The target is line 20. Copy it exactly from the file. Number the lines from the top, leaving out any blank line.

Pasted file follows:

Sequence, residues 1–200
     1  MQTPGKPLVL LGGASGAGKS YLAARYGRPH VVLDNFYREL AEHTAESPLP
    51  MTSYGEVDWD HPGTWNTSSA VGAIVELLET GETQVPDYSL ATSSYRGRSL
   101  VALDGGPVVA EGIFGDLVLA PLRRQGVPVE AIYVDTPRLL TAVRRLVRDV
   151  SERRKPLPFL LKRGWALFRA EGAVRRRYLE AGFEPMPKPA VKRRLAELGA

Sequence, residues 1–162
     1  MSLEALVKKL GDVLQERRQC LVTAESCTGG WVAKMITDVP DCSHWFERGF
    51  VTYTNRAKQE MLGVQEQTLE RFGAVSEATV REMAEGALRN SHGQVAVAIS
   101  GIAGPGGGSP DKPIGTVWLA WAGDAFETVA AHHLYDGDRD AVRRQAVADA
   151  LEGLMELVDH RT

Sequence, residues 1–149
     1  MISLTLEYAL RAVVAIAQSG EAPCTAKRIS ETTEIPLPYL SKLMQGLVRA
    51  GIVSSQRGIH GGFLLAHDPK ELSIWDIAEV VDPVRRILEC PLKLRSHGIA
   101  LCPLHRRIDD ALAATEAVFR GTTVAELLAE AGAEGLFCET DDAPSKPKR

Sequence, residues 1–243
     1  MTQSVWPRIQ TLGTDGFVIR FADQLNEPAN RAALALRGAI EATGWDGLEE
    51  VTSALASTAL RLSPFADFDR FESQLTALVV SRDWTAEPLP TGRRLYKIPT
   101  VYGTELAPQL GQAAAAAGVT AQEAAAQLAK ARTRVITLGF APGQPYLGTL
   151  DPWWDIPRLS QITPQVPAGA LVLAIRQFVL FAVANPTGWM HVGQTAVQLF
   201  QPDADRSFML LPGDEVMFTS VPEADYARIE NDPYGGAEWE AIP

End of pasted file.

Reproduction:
   201  QPDADRSFML LPGDEVMFTS VPEADYARIE NDPYGGAEWE AIP